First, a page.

Chlorpromazine (Thorazine®) for Dogs and Cats
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Overview of Chlorpromazine for Canines and Felines
Chlorpromazine, better known as Thorazine® or Ormazine®, is used to reduce nausea and vomiting for dogs and cats.
Chlorpromazine belongs to a class of drugs known as phenothiazine derivatives. Other related drugs in this class include acepromazine and prochlorperazine.
The exact mechanism of action of the phenothiazine derivatives is not completely understood. The drugs work by somehow blocking dopamine receptors in the nervous system and may even inhibit the release of dopamine.
These drugs are thought to affect the part of the brain responsible for controlling body temperature, metabolic rate, vomiting, blood pressure and alertness.
Compared to other phenothiazines, chlorpromazine has moderate sedative effects and moderate to strong anti-vomiting effects.
Chlorpromazine is a prescription drug and can only be obtained from a veterinarian or by prescription from a veterinarian.
This drug is not approved for use in animals by the Food and Drug Administration but it is prescribed legally by veterinarians as an extra-label drug.
Brand Names and Other Names of Chlorpromazine
This drug is registered for use in humans only.
Human formulations: Thorazine® (SKF), Ormazine® (Hauck) and various generics.
Veterinary formulations: None
Uses of Chlorpromazine for Dogs and Cats
Chlorpromazine is used to reduce nausea and vomiting.
Infrequently, chlorpromazine may be used as a sedative. It can also be used to treat motion sickness in cats.
Precautions and Side Effects
While generally safe and effective when prescribed by a veterinarian, chlorpromazine can cause side effects in some animals.
Chlorpromazine should not be used in animals with known hypersensitivity or allergy to the drug.
Chlorpromazine should be avoided in animals with glaucoma, low blood pressure or shock.
This drug should be used with caution in animals with liver disease, heart disease or older patients.
Chlorpromazine may interact with other medications. Consult with your veterinarian to determine if other drugs your pet is receiving could interact with chlorpromazine. Such drugs include certain narcotics, barbiturates, propranolol, epinephrine and some anti-diarrheal medications.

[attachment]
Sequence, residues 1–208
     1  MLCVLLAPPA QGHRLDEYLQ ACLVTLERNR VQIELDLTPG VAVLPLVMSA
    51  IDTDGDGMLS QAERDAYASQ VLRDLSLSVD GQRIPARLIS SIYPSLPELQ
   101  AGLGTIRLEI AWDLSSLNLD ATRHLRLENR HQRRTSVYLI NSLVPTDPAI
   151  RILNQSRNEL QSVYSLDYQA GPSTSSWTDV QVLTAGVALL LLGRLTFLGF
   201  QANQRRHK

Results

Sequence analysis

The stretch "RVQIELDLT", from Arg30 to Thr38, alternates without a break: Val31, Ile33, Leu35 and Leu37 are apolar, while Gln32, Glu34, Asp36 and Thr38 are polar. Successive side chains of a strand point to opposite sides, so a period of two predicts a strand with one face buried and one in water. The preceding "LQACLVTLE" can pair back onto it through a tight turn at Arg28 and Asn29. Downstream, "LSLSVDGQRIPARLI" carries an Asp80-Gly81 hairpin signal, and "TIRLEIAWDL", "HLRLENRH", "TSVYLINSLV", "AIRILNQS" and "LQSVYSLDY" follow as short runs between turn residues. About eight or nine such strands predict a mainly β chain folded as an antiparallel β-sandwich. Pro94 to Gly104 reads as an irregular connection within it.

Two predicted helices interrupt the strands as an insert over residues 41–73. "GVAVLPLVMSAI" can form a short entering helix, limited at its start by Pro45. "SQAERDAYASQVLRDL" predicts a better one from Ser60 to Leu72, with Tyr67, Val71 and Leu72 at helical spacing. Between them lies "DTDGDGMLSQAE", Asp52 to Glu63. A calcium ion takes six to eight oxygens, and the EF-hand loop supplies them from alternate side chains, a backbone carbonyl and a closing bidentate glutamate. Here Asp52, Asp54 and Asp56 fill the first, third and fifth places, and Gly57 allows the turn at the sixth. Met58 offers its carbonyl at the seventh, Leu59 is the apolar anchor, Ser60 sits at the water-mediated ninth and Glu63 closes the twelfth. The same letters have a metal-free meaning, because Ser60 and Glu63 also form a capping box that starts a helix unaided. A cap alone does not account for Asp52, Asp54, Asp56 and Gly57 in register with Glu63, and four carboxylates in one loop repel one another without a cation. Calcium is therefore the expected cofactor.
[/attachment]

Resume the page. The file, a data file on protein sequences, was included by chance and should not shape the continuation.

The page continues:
Constipation, sedation and low blood pressure may occur after administration of chlorpromazine.
In cases of overdose, chlorpromazine can cause tremors and drooling.
How Chlorpromazine is Supplied
Chlorpromazine is available in 10 mg, 25 mg, 50 mg, 100 mg and 200 mg tablets.
Chlorpromazine is also available in 30 mg, 75 mg, 150 mg, 200 mg and 300 mg extended release capsules. An oral solution is available in 2 mg/ml syrup and 30 mg/ml concentrate, both in 120 ml bottles.
Rectal suppositories of 25 mg and 100 mg are available.
Injectable chlorpromazine is also available in 25 mg/ml concentration in 1 ml and 2 ml ampules as well as a 10 ml bottle.
Dosing Information of Chlorpromazine for Cats and Dogs
Medication should never be administered without first consulting your veterinarian.
To treat nausea and vomiting in dogs, chlorpromazine is dosed at 0.12 to 0.25 mg per pound (0.25 to 0.5 mg/kg) subcutaneously or intramuscular every 6 to 24 hours. It can also be given intravenous at a dose of 0.02 to 0.05 mg per pound (0.05 to 0.1 mg/kg) every 6 to 8 hours as needed.
To treat nausea and vomiting in cats, chlorpromazine is dosed at 0.005 to 0.012 mg per pound (0.01 to 0.025 mg/kg) intravenous every 6 to 8 hours as needed.
If vomiting is not severe, chlorpromazine can be administered orally at a dose of 0.05 to 1 mg per pound (0.1 to 2.2 mg/kg) 1 to 4 times daily.
For sedation, chlorpromazine is dosed at 1.5 mg per pound (3 mg/kg) by mouth once or twice daily. The injectable sedative dose is 0.25 mg per pound (0.5 mg/kg) intramuscular or intravenous once or twice daily.
Lower doses are generally recommended in geriatric or sick debilitated pets and those with liver or heart disease.
The duration of administration depends on the condition being treated, response to the medication and the development of any adverse effects. Be certain to complete the prescription unless specifically directed by your veterinarian. Even if your pet feels better, the entire treatment plan should be completed to prevent relapse or prevent the development of resistance.
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